Ironically, he had done everything one is supposed to do in this situation, without knowing it. To start, he delayed the moment of getting into the water as long as possible. By clinging to the stern, he was in fact the very last passenger to get off the ship! Next, all the alcohol he had consumed calmed him down and stopped him from panicking. Panic and hyperventilation reduces clarity and chance of survival. This gave Joughin enough calm and confidence to swim around until he found a lifeboat. Of course, this is not to try at home, and we hope you never get into this kind of situation! But we must salute this baker for his calm-headedness and crafty methods.
If you happen to (re)watch the 1953 or 1997 film, Titanic, you’ll see that Joughin even makes appearances, and his portrayals definitely do justice to the real story.
A Revival of Native Australian Baking Methods
Recently, historians in Australia have unearthed fascinating knowledge on ancient aboriginal agricultural practices. In fact, some even say that Australian Aboriginal peoples and Torres Strait Islander peoples were the world’s first bakers, which new archaeological finds can attest to. For example, in the 1990s, a grinding stone used to make flour was discovered in New South Wales and was estimated to be over 30,000 years old. In 2015, another grinding stone was discovered in the country which led to speculation showing that the first descendants from Africa have made their way to Australia with similar tools back in 65,000 BC!
Not only that, but the value in these indigenous baking methods is finally beginning to gain appreciation. Some grasses and other plants traditionally used (e.g. wattleseed, native millet) were typically considered weeds by other cultures and avoided. However, it has recently been discovered that these plants may come in handy in the next few years to produce sustainable food. Indeed, these specific plants are very heat and drought-resistant. Considering not only the droughts that Australia has gone through these last few years, but also other countries that experienced difficulties with crop growing, these native Australian plants might make a world of difference in bakers’ lives.
We haven’t even mentioned yet all the health and taste benefits these plants offer. For example, agricultural scientist Angela Pattison has said that “the native millet was the easiest to grow, harvest and turn into flour, and it’s significantly more nutritious than wheat. It’s also high in fibre and gluten free. And it tastes good. It just ticks so many boxes.”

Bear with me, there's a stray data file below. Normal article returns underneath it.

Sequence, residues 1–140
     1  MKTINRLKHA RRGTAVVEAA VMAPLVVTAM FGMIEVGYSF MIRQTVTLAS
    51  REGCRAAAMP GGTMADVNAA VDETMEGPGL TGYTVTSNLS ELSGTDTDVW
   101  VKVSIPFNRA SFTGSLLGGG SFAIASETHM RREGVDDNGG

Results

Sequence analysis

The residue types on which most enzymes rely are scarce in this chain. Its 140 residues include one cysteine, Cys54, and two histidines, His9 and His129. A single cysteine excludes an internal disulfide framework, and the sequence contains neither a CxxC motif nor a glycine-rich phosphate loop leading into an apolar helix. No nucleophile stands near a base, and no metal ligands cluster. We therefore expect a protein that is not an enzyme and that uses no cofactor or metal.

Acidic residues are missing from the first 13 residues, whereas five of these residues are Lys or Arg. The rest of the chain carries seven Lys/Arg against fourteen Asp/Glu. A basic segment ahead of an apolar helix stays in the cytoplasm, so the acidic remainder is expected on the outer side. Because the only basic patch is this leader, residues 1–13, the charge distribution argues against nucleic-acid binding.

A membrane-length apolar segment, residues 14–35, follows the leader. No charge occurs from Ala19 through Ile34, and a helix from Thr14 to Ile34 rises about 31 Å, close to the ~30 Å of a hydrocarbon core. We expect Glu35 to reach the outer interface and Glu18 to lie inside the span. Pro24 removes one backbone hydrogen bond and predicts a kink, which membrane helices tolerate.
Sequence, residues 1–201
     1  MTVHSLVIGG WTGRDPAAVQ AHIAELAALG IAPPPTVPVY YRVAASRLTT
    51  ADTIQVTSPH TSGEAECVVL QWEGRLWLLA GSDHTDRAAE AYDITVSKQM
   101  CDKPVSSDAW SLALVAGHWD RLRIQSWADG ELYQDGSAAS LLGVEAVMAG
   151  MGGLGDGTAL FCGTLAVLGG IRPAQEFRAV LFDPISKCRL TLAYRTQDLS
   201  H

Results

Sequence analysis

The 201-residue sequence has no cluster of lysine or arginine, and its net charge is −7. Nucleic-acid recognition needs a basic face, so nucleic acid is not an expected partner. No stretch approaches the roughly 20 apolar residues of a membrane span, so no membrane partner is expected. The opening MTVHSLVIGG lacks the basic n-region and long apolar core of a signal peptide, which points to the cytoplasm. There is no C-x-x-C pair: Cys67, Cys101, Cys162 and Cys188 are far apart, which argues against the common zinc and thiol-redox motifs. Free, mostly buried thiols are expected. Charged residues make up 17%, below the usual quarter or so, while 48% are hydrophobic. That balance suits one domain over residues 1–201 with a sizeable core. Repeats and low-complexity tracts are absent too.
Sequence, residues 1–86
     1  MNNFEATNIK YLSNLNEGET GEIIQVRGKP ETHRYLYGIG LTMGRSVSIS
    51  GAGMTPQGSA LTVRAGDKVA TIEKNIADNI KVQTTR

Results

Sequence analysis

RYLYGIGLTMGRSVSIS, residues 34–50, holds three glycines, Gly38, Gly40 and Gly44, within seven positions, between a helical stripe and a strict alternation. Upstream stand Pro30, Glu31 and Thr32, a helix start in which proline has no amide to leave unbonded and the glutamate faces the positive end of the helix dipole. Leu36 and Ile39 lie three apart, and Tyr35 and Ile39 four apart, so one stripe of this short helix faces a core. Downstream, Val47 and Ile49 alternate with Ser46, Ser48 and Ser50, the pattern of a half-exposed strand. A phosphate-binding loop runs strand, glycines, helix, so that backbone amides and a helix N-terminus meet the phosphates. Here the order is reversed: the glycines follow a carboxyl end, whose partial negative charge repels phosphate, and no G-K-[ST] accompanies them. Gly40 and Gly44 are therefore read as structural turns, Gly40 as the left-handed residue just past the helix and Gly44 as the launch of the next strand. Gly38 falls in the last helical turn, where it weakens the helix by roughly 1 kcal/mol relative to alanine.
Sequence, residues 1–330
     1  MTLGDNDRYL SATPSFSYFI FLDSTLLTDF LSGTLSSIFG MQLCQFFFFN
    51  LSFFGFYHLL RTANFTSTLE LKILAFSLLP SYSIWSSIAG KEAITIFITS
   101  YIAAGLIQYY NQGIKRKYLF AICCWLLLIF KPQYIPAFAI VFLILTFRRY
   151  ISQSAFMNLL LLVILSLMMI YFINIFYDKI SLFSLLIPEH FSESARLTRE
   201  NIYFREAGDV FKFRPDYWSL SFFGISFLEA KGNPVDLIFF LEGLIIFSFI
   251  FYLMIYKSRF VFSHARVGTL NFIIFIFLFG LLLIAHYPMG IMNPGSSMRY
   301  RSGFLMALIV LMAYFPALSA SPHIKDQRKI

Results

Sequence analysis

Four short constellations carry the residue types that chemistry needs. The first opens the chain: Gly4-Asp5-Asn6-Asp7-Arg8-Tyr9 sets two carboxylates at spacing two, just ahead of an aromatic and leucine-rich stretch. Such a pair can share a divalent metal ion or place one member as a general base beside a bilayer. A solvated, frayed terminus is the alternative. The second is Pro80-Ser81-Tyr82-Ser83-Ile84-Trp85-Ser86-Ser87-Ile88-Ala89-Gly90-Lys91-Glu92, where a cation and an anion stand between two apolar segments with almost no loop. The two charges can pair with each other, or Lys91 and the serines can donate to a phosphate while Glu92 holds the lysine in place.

One of Italy’s Top Panettone is Made in an Italian Prison
The panettone is one of Italy’s most famous desserts/breads. You can find big boxes of panettones in most stores around Christmas time. And thanks to Dessert Advisor, finding the panettones in Canada has never been so easy! However, did you know that one of Italy’s most celebrated panettones also has interesting baking stories?
In 2005, an Italian bakery shop, Pasticceria Giotto, had an idea for a social project. They decided to move inside the Due Palazzi prison in Padua, Italy, to work side by side with the incarcerated people there. This program was designed to help the people of this prison earn a salary, to give them a sense of purpose, and eventually to integrate them back into society. Before hiring, the bakery interviewed based on many different criteria, and had the candidates evaluated by a psychologist. The criteria included, for example, whether they needed to support their family, the length of their sentences, and their personal profiles.
Of the 500 incarcerated people of the prison, a few dozen were hired by this program. During their baking work, they were supervised by chefs and trained in the art of pastry-making. These employees produced artisanal cookies, pies, nougats, holiday cakes, and more. Of course, among the various confectioneries they baked, they eventually learned how to make panettones. Little did anyone know how well these cakes would turn out!
A panettone takes three days to make, as it requires extensive kneading and leavening. However, this work is not in vain. As they were sold across town, the panettone became a huge success! Even today, this cake baked in prison regularly comes up on lists of Italy’s top 10 panettones. Who could have predicted this? It just goes to show how with the right belief and guidance, there can always be hope for a second chance at life. In fact, the employees at the Due Palazzi prison have much work ahead of them. Last holiday season, this bakery produced an estimated tens of thousands of these special panettones, and will probably bake many more this coming year!
Google Uses Artificial Intelligence to Create Two New Mashup Desserts Based on Baking Search Data
Artificial intelligence is a great tool for improving technologies we use in our daily lives – as long as it doesn’t end up being used for a Terminator-like scenario, of course! Have no fear, AI can have many non-dystopian and fun uses. Recently Google found out it can even produce original, creative, and futuristic dessert recipes!